we don’t want the puppy scared): garage door opening, doorbell, children playing, babies screaming, big trucks, Harley motorcycles, skateboards, washing machine, shopping carts rolling, power boat, clapping, loud singing, pan dropping, horses neighing, vacuums, lawnmowers, birthday party, etc…

Exposed to 12 fast moving objects

(don’t allow to chase): skateboards, roller-skates, bicycles,
motorcycles, cars, people running, cats running, scooters, vacuums, children running, children playing soccer, squirrels, cats, horses running, cows running, etc…

Experienced 12 different challenges:

climb on, in, off and around a box, go through a cardboard
tunnel, climb up and down steps, climb over obstacles, play hide & seek, go in and out a doorway with a step up or down, exposed to an electric sliding door, umbrella, balloons, walk on a wobbly table (plank of wood with a small rock underneath), jump over a broom, climb over a log, bathtub (and bath) etc….

Handled by owner (& family) 12 times a week:

hold under arm (like a football), hold to chest,
hold on floor near owner, hold in-between owner’s legs, hold head, look in ears, mouth, in-between toes, hold and take temperature (ask veterinarian), hold like a baby, trim toe nails, hold in lap, etc…

Eaten from 12 different shaped containers:

wobbly bowl, metal, cardboard box, paper, coffee cup, china, pie plate, plastic, frying pan, Kong, Treatball, Bustercube, spoon fed, paper bag, etc……

Eaten in 12 different locations:

back yard, front yard, crate, kitchen, basement, laundry room,
bathroom, friend’s house, car, school yard, bathtub, up high (on work bench), under umbrella, etc….

Played with 12 different puppies

(or safe adult dogs) as much as possible.
Left alone safely, away from family & other animals (5-45 minutes) 12 times a week.

Experienced a leash and collar:

12 different times in 12 different locations.

-Positive Paws Dog Training ©2002 – Margaret Hughes Adapted with permission from Pat Schaap’s “RULE OF 7’s” for 7 week old puppies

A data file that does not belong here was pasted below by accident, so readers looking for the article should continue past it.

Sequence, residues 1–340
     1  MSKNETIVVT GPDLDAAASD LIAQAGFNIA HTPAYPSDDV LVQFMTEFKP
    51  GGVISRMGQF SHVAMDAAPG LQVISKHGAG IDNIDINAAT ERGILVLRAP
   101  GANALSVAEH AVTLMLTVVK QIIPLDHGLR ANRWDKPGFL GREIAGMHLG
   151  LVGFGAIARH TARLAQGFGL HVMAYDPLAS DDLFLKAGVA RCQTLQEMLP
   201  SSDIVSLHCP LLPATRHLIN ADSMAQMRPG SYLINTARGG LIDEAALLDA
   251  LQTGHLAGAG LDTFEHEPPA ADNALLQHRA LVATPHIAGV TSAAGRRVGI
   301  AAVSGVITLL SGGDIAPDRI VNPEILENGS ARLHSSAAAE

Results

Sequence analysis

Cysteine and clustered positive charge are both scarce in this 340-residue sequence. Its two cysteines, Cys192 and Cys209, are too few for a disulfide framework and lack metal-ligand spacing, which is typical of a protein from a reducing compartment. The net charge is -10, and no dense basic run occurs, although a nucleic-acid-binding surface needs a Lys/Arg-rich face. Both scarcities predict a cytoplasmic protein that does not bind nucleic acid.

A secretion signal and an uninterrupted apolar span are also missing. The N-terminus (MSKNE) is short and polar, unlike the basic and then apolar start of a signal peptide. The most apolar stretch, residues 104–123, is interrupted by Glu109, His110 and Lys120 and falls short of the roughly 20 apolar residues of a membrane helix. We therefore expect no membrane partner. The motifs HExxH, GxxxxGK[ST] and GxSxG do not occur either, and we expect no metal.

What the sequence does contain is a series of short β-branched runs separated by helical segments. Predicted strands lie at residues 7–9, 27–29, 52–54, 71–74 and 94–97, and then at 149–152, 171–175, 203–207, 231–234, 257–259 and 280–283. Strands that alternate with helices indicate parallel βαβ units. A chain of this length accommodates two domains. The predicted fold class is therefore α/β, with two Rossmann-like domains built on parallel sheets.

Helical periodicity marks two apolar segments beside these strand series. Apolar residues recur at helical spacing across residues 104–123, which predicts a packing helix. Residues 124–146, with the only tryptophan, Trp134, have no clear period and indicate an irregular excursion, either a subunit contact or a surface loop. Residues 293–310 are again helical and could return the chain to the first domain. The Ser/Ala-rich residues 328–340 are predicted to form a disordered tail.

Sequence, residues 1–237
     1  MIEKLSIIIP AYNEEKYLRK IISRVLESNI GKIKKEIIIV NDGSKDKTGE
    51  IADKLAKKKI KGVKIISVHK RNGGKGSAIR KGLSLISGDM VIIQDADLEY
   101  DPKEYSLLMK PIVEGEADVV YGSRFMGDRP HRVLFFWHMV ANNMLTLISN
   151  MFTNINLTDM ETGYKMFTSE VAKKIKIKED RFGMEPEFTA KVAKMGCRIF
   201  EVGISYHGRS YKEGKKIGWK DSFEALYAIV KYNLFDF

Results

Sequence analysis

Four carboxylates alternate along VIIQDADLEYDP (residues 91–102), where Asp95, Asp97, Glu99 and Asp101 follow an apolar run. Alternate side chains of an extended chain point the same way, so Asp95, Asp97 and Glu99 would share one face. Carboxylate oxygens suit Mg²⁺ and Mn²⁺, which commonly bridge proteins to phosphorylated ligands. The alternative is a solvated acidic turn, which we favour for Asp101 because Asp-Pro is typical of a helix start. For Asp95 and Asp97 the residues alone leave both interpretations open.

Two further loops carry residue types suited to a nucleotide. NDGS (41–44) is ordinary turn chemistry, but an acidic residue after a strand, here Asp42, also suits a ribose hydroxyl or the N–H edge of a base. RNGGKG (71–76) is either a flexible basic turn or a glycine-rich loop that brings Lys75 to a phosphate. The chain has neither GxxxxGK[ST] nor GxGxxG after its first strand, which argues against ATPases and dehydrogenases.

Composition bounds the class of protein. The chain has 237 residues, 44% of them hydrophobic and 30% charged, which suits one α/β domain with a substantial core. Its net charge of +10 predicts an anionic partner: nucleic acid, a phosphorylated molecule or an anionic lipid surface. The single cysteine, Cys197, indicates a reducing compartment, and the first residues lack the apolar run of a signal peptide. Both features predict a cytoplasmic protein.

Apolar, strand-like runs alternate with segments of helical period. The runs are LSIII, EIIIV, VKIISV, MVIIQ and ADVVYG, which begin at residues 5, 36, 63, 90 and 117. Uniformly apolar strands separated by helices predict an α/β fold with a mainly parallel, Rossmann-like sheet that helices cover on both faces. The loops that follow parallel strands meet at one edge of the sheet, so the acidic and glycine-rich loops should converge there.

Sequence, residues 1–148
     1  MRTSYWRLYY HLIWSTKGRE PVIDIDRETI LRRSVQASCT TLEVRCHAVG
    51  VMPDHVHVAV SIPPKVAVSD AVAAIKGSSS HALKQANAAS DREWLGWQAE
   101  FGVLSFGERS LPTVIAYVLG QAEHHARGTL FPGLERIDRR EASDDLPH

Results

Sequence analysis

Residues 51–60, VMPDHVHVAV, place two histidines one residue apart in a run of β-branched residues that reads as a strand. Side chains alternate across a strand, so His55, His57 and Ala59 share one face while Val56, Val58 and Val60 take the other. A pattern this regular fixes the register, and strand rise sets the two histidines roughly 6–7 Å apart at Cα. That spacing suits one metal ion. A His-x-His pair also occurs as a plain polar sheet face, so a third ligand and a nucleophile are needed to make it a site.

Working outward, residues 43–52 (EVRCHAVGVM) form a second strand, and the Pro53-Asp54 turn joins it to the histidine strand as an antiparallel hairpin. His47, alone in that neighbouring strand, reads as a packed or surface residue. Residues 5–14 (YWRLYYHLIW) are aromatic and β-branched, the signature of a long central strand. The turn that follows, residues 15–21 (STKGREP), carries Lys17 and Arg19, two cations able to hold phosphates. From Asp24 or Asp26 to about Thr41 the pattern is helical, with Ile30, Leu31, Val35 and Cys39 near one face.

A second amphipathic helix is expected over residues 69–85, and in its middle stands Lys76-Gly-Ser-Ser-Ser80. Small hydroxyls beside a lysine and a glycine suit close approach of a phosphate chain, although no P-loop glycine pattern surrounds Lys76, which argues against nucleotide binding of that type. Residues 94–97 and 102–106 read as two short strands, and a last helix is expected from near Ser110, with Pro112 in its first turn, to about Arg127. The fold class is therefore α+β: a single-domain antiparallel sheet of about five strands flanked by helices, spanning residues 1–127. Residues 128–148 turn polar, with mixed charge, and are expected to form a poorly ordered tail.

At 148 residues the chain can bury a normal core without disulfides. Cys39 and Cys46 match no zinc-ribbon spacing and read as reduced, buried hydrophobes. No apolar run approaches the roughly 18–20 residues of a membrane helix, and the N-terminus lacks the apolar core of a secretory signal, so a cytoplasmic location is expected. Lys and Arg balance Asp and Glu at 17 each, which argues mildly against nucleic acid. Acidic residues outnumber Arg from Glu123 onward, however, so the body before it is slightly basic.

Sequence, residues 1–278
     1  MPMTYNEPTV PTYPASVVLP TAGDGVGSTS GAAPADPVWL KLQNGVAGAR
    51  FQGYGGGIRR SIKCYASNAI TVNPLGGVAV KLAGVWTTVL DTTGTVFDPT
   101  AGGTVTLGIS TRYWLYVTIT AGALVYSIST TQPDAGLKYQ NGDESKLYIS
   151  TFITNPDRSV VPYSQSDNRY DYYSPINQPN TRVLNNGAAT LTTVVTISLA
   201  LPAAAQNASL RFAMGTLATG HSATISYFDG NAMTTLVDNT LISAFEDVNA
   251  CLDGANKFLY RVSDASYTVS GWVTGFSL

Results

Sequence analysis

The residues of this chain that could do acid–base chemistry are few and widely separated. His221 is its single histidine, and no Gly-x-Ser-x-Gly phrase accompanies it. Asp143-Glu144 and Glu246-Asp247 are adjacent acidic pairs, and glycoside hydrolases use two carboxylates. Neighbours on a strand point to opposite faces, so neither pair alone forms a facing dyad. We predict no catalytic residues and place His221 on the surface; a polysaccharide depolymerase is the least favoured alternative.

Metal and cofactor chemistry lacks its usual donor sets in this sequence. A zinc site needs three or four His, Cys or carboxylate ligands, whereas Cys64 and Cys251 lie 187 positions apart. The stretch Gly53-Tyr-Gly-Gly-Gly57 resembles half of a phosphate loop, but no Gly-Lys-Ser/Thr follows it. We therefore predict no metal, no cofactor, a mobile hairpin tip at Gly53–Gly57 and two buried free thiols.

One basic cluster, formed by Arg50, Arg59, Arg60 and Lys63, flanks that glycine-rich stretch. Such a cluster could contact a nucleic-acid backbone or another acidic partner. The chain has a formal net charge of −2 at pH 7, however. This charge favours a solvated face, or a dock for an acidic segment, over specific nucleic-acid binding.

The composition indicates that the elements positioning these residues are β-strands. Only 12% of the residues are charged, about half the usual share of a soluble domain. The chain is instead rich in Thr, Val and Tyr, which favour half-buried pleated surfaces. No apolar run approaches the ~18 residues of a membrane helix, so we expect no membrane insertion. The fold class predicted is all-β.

The Rule of 7’s

Socialization is crucial for puppies.

By the time a puppy is seven weeks old he/she should have:

Been on 7 different types of surfaces: carpet, concrete, wood, vinyl, grass, dirt, gravel, wood chips.
Played with 7 different types of objects: big balls, small balls, soft fabric toys, fuzzy toys, squeaky toys, paper of cardboard items, metal items, sticks or hose pieces.

Been in 7 different locations: front yard, back yard, basement, kitchen, car, garage, laundry room, bathroom

Met and played with 7 new people: include children and older adults, someone walking with a cane or stick, someone in a wheelchair or walker.

Been exposed to 7 challenges: climb on a box, climb off a box, go through a tunnel, climb steps, go down steps, climb over obstacles, play hide and seek, in and out of a doorway with a step up or down, run around a fence.

Eaten from 7 different containers; metal, plastic, cardboard, paper, china, pie plate, frying pan.

Eaten in 7 different locations: crate, yard, kitchen, basement, laundry room, living room, bathroom.

Tips for finding lost pets

The Herald News – Joliet (IL)
May 13, 2008 | Dawn Aulet

The Henry family lives on 18 acres in Sheridan, and their dog Dakota loved to roam that land. He never left the property until March 1, and he has not been seen since.

For most people, a dog or any pet that goes missing is like losing a member of the family. Many times the owner does not even know where to start looking.